Vitrectomy & complications..vitreous

haemorrhages & related problems

David Kinshuck

Vitreous haemorrhages

A vitreous haemorrhage is the term given to bleeding into the middle chamber of the eye (the 'vitreous'). It can develop if you have proliferative retinopathy when the 'new' blood vessels burst and bleed. If you have had  plenty of laser, the haemorrhage is not serious and the blood usually clears.
If you have not had enough laser, then you are at high risk of developing complications as below (tractional retinal detachment), and vitrectomy surgery with 'endo' laser is usually needed. Outcomes can be predicted Retina14 .


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side view: new blood vessels grow on the surface of the retina into the gel and can bleed Enlarge

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view from the front enlarge ....this is what the doctor sees


If you have proliferative retinopathy and have had not enough laser, the 'new' blood vessels may grow forward from the retina in to the 'vitreous' gel. See vitrectomy animation  and    Animation and photo.

The vitreous gel may start to shrink, and pull on the growing new vessels, and may make them bleed. The bleeding usually causes a 'spiders web' to appear in the vision, swirling around as the eye is moved. This can cause a serious retinal detachment and loss of vision.

The blood is eventually reabsorbed by the body's cells, and itself causes no damage. A dense haemorrhage caused by a severe bleed still usually clears itself, but problems may arise as below:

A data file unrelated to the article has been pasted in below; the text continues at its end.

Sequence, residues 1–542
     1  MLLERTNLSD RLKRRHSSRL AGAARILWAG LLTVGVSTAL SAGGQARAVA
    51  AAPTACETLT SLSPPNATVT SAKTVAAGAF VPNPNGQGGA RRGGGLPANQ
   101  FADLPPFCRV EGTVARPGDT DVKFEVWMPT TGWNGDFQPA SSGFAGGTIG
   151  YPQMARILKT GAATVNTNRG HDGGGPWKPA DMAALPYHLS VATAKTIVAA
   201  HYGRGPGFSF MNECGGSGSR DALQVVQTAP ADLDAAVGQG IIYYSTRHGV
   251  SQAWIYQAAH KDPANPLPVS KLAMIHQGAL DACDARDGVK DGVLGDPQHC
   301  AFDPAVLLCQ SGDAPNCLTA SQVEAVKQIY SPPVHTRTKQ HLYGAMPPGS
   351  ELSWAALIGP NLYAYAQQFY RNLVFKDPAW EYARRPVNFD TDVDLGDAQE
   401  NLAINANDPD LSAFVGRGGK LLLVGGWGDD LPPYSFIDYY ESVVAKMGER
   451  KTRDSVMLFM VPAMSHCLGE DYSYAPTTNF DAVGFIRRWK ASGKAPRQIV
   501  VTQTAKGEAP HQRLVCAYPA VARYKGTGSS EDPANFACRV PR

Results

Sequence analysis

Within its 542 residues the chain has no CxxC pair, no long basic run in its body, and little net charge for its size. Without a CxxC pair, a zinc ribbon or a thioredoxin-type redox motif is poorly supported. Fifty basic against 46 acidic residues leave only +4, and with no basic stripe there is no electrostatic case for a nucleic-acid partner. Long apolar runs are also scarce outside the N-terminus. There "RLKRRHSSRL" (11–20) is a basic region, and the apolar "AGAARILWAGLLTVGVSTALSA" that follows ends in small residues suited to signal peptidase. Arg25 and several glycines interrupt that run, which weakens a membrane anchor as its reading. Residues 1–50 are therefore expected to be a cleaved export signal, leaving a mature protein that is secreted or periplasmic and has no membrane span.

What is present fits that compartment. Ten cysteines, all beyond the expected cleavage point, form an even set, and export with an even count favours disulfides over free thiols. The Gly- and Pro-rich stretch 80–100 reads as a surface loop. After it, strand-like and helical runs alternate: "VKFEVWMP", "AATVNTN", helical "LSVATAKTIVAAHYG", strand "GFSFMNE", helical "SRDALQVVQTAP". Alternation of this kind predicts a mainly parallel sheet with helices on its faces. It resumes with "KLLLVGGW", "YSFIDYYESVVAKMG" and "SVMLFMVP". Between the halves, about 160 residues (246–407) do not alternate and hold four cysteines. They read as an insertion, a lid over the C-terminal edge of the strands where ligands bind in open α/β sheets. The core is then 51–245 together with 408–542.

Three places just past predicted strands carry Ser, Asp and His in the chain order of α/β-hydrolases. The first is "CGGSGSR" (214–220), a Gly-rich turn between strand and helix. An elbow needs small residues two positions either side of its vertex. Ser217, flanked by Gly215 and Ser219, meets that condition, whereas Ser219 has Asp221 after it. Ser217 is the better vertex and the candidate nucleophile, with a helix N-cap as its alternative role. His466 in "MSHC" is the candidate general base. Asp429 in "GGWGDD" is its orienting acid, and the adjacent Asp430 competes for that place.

early new vessel growth new vessels growing from retina enlarge
new vessels and detachment of the posterior vitreous face vitreous starts to shrink  enlarge
the vitreous detachment pulls the new vessels blood vessel torn .. subhyaloid haemorrhage enlarge
a vitreous gel haemorrhage haemorrhage spreads into the vitreous itself.. a vitreous haemorrhage enlarge




What should you do if you have a haemorrhage,
and do you need surgery?

It is common to have such haemorrhages in proliferative retinopathy:

If you have a haemorrhage (it is impossible to give specific advice; these are general principles)

A Subhyaloid haemorrhage

If there is a smaller vitreous haemorrhage it may settle behind the vitreous gel and in front of the retina. This is called a subhyaloid haemorrhage. See a large photo

These haemorrhages usually clear without any problems, but sometimes more laser is needed to treat any fresh new vessel growth. At the beginning they may interfere with your sight, but many people do not know they have one.



subhyaloid haemorrhage..blood just behind rear face of vitrous and in front of retina


A pre-macular haemorrhage can be lasered successfully Retina 2012. Sight improved over a few weeks.  AJO 18..PRP first

yag laser hyaloidotomy improves sight

after laser Enlarge

Laser treatment can be effective...before laser


Another patient:

yaglaser hyaloidotomy to treat a subhyaloid haemorrhage

after laser

Laser treatment (yellow arrow) can be effective...before laser


Minor tractional retinal detachment & vitreous haemorrhage

an early tractional retinal detachment..scar tissue in the vitreous pulls and wrinkles the retinaenlarge Early tractional detachment: the scar tissue in the vitreous shrinks (black) , wrinkling the retina(red)

Bleeding into the vitreous may contribute to the vitreous shrinkage. See the photo tour and photos.

If the shrinkage is mild the retina may become slightly lifted or wrinkled.
Fortunately the wrinkling is usually away from the macula, and the sight should be good. Surgery is not needed.




Tractional retinal detachment involving macula

wrinkling of the central retina causes loss of sightenlarge The scar tissue pulls on the central area of the retina (the macula) and affects the vision